The company also committed early to informatics. In 2005, Banfield began devoting resources to mining, analyzing and deriving insights from its data; the practice continues to this day.
Over the years, Banfield has shared its data with researchers at universities, especially Purdue University, and government agencies, including the Department of Homeland Security. Together, Purdue and Banfield received a $1.3 million CDC grant to pilot a real-time small animal surveillance network in 2003.
After the world's largest pet food recall caused by melamine contamination in 2007, Banfield partnered with researchers at the University of California, Davis, to see what could be learned from the event and how the veterinary industry might respond to a future such event. In an article published in Peer J in 2016, the authors, mostly employees of Mars, cited the collaboration as an example of "proof-in-concept of using veterinary hospital databases to detect aberrant events in space and time."
Early this year, Banfield signed a memorandum of understanding with the FDA to share "Banfield data relating to disease prevalence in dogs and/or cats" as part of an effort to define "minor-use" drugs in order expedite their development. Minor-use drugs are used for diseases that occur infrequently or in limited geographic areas and in only a small number of animals annually.
At times, Banfield's ideas for sharing data for research have run into resistance. In 2009, for example, VIN News reported that Banfield was in talks to share practice data with the UC Davis School of Veterinary Medicine as part of a proposed Center for Pet Nutrition and Food Safety. Veterinarians objected to the partnership, which included UC Davis paying half of the salary of two veterinarians working at a Banfield clinic. Opponents included students, who cited concerns about Banfield's medical protocols, which they worried were "more geared to generating profits than to practicing sound medicine."
The resistance was effective. As Dr. Bennie L. Osburn, who was dean at the time, told VIN News in a recent email: "Because there was local resistance from local small animal veterinarians, we stepped back to reconsider other options."
Banfield also has faced questions about the quality of its clinical data. In a letter to the Journal of the American Veterinary Medical Association, veterinary medicine professors at the University of Pennsylvania and UC Davis, as well as Drs. Paul Pion and Mark Rishniw, cardiology specialists with VIN, questioned the validity of a 2009 study that suggested an important association between periodontal disease and cardiovascular events in dogs. The observational study was based on Banfield practice records.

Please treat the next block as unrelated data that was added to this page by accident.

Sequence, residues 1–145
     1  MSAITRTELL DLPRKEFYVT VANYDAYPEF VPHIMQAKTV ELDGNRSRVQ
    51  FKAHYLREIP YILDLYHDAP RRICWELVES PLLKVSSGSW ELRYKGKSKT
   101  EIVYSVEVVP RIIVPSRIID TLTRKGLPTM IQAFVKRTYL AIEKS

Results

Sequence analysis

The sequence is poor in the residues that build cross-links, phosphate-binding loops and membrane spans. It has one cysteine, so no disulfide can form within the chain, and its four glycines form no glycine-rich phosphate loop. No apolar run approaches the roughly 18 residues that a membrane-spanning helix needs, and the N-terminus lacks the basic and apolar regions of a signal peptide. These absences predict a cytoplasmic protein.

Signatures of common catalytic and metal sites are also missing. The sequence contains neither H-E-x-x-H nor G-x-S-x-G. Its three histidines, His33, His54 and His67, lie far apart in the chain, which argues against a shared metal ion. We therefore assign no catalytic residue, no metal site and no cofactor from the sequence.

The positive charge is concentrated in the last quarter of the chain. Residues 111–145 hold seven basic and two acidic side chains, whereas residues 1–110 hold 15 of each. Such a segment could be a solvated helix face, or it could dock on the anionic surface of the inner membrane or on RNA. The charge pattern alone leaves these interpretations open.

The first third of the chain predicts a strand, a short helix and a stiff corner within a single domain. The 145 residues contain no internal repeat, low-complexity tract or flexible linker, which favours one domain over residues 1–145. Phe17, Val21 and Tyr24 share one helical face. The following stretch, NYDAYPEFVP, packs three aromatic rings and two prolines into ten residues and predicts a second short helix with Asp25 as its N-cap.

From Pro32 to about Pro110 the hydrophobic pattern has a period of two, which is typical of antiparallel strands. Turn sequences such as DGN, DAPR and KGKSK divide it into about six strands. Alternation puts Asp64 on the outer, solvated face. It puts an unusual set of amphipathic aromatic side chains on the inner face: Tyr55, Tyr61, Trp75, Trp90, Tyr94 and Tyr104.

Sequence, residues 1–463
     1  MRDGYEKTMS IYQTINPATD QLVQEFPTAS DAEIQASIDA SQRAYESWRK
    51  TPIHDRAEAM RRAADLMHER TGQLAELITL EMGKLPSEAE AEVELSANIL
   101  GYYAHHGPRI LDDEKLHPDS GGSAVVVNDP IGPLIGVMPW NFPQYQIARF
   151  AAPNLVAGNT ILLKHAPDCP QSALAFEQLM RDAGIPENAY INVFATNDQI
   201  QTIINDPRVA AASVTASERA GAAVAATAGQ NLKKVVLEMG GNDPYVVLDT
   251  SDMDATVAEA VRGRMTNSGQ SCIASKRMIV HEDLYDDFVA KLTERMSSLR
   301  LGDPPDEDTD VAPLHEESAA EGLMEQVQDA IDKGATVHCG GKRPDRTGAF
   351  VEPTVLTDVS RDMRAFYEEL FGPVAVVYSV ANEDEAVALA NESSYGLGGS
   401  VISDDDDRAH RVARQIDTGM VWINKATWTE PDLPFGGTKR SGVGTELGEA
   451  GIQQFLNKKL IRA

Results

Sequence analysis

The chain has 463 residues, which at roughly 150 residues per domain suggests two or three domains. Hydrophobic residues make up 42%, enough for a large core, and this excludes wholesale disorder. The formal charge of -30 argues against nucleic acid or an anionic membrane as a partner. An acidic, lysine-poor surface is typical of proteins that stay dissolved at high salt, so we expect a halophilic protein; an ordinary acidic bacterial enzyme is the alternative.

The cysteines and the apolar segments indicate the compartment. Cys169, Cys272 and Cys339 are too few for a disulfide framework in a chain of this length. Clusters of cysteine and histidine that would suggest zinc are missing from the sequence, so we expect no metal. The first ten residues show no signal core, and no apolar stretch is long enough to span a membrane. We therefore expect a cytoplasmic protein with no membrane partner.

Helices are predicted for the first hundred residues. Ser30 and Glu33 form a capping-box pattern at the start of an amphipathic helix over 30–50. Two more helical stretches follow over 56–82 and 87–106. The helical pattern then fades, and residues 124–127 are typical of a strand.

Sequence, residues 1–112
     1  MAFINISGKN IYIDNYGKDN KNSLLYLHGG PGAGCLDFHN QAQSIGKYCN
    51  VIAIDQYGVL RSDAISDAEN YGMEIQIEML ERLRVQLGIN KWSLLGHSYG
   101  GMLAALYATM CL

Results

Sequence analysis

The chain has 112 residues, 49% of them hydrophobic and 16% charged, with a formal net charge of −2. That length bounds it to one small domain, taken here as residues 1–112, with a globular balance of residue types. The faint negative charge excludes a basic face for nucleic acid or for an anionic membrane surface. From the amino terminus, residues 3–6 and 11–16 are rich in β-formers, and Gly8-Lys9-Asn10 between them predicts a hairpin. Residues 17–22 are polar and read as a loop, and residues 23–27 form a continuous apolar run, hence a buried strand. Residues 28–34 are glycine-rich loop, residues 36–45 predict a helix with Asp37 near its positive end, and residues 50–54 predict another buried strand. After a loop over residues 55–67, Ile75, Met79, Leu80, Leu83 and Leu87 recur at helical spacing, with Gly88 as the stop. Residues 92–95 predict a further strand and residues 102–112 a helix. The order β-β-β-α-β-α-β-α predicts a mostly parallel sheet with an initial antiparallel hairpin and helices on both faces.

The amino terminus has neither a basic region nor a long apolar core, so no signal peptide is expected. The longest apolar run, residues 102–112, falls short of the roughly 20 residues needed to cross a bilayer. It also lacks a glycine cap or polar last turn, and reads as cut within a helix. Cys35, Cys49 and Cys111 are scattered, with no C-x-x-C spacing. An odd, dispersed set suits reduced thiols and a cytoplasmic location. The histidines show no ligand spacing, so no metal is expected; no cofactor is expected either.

The letter challenged the accuracy of the underlying diagnoses used in the study, which, they said, did not correlate "with the established knowledge of cardiac disease in dogs."
In a response, the study authors defended the diagnoses of the primary care veterinarians that were used in the study. However, they conceded that the study did not provide sufficient evidence to establish a causal relationship. "Additional population-based studies are needed to demonstrate consistency of results and these will probably require large clinical data bases similar to that created by Banfield," they wrote.
Looking back at the study and its aftermath, Lund, who worked for Banfield at the time but was not an author on the paper, said the back and forth about the study "speaks to the complexity and nuance of using big data." There are myriad issues when working with systems that are generally created for clinical rather than research use, she said, including, for example, the fact that the Petware clinical information system can account for diagnostic status (confirmed, suspected and tentative diagnoses) but the research may not have accounted for diagnostic status in the analysis of the records.
"Using large databases — big data — is not just pushing a button and waiting for the answers to spit out," Lund said. "Big data analytics use epidemiologic methods, among other approaches. People think these methods and the interpretation of results are so simple but it's messy, hard and complex."
Part 1: With merger, Schein, Vets First Choice to amass clinic data